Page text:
European Commission lifts 'mega-lorry ban' thus allowing them to cross borders
In response to lobbying from some Member States the European Commission is to change its legal interpretation of 'maximum vehicle size' in order to allow the so-called mega-lorries, which can measure up to 25-metres and weigh up to 60 tonnes, to cross borders from one Member State to another. Until now lorries that are longer than 18.75 metres, or heavier than 40 tonnes (with cargo), have only been allowed, on a trial basis, on the roads of those Member States that are currently conducting such trials. However, Member States operating 'mega-lorry' trials, including Sweden and the Netherlands, have criticised the Commission saying that up until now it has misinterpreted the law and that current legislation does not actually prevent cross-border trials.
As a result Siim Kallas, the European Commissioner for Transport, has announced his intention to change the legal interpretation, thus allowing mega-lorries to cross borders enabling Member States, such as Sweden and the Netherlands, to link up their trials. In a letter sent to Brian Simpson, Chairman of the European Parliament's Transport Committee (TRAN), he wrote that, in spite of a furious reaction from MEPs, he had "decided to go ahead with the change as allowing mega-lorries to cross borders is “the interpretation which is the most consistent with the text of the directive and the initial ambition of the legislator." (EuropeanVoice)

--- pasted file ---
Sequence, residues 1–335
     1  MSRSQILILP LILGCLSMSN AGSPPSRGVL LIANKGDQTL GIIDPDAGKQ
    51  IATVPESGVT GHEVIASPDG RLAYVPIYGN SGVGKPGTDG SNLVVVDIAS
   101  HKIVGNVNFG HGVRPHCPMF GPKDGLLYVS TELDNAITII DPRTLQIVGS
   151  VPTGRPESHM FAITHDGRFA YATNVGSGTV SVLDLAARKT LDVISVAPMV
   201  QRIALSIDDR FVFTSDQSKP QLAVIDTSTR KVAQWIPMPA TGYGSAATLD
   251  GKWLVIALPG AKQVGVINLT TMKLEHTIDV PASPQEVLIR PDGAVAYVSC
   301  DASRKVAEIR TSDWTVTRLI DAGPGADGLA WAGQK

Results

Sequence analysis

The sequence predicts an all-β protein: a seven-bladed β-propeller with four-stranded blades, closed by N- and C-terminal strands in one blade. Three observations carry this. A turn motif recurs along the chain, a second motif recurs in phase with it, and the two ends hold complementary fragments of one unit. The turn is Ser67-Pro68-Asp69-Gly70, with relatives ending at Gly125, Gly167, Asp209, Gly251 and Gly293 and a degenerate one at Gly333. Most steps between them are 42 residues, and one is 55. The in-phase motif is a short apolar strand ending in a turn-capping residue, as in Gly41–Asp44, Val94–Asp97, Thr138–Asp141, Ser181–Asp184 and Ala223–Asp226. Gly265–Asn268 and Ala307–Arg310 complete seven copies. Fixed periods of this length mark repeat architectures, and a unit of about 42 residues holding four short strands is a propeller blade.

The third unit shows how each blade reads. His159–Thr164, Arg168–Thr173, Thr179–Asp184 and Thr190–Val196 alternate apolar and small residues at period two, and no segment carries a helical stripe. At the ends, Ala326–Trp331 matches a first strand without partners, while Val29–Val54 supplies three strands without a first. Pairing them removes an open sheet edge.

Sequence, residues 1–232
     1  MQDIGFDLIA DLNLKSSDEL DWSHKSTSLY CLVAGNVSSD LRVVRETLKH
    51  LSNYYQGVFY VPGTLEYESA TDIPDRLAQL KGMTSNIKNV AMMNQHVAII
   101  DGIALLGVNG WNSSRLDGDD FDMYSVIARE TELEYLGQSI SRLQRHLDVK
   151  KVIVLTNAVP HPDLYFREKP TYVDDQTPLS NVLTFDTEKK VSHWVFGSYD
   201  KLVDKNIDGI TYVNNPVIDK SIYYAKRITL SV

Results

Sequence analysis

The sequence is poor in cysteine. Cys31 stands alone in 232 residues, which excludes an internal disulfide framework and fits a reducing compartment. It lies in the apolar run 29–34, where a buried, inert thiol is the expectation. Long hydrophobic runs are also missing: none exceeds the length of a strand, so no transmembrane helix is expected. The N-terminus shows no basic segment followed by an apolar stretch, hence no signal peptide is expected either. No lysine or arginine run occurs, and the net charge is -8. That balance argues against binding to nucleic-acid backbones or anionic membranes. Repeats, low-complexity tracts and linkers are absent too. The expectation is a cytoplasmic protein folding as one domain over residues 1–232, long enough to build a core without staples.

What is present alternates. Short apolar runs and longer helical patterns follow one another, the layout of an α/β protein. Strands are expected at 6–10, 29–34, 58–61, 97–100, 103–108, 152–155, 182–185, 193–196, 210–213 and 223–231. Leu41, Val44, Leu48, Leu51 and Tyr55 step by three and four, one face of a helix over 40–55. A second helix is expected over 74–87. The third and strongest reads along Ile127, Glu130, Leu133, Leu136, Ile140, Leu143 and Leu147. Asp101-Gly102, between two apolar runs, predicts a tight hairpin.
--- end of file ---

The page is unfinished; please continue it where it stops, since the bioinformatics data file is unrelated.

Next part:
This decision, which came into effect immediately, has been severely criticised by a number of MEPs, particularly German Green MEP Michael Cramer, a member of TRAN, who wrote, "The Commission has announced that it unilaterally intends to lift the ban on cross-border mega-lorry traffic by transferring the power to decide to member states. This would worsen the competitive disadvantage faced by environmentally-friendly rail transport, and undermine the EU's democratic decision-making process. The plans to implement this about-turn by changing the interpretation of current EU law would bypass the roles of the European Parliament and the Council of Ministers as co-legislators on this directive. The Parliament's transport committee has therefore taken a cross-political decision to examine all available legal remedies. Under the directive on maximum vehicle weights and dimensions, member states can allow mega-lorries under certain circumstances. However, the directive explicitly rules out cross-border use. This was not only the purpose of the legislation as set out by the Commission at the time of adoption in 1996, but also an interpretation that different European commissioners for transport subsequently reiterated despite years of pressure from the road-transport lobby and a handful of member states." (EuropeanVoice)
The fear is that lifting the ban on mega-lorries, otherwise known as giga-liners, will see road freight numbers increase, to the detriment of rail freight, and those Member States which currently do not allow mega-lorries within their borders, such as the UK, being forced to agree in order to remain competitive. According to the Austrian Federal Chamber of Labour, Siim Kallas has bowed to pressure from the freight lobby and while a handful of logistics companies will benefit from the change it will be the taxpayers who will have to foot the bill. "According to ASFiNAG, the publicly owned company that runs Austria's motorways, it would cost €5.4 billion in Austria alone to adapt the infrastructure – roads, bridges, tunnels, roundabouts and level crossings –for longer, heavier vehicles. That is not to mention the social, health and environmental costs. This is a classic example of socialising the costs while privatising the benefits." (EuropeanVoice)
Last Updated (Wednesday, 26 September 2012 11:08)